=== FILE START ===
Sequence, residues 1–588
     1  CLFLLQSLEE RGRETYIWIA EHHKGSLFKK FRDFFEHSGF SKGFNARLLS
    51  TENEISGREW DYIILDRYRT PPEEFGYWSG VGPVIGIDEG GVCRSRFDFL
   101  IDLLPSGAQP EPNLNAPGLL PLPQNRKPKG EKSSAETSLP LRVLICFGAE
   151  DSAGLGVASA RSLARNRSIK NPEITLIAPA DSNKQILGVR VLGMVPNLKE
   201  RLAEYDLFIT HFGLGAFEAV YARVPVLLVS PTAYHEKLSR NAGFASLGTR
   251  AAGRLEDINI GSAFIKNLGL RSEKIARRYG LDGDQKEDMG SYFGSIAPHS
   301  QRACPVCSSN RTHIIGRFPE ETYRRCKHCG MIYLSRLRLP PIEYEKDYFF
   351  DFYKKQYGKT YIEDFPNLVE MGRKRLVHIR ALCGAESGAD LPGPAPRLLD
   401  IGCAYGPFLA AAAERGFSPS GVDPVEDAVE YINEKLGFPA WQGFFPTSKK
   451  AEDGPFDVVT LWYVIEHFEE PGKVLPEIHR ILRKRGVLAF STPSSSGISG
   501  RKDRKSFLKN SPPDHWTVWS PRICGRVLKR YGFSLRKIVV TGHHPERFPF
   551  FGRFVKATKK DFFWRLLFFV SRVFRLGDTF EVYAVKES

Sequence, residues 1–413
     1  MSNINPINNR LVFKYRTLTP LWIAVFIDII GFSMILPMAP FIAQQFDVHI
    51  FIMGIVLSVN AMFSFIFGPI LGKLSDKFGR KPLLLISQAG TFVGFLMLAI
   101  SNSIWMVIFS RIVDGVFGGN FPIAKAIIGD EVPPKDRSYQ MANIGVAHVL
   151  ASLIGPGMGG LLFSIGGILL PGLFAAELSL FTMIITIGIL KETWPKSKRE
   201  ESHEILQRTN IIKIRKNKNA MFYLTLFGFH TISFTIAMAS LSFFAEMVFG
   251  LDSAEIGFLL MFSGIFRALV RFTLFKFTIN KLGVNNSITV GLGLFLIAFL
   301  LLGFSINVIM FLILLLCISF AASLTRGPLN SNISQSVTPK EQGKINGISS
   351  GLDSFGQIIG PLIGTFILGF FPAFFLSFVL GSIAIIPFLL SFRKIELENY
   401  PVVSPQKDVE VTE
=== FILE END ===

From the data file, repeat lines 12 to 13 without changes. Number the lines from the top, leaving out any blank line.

   501  RKDRKSFLKN SPPDHWTVWS PRICGRVLKR YGFSLRKIVV TGHHPERFPF
   551  FGRFVKATKK DFFWRLLFFV SRVFRLGDTF EVYAVKES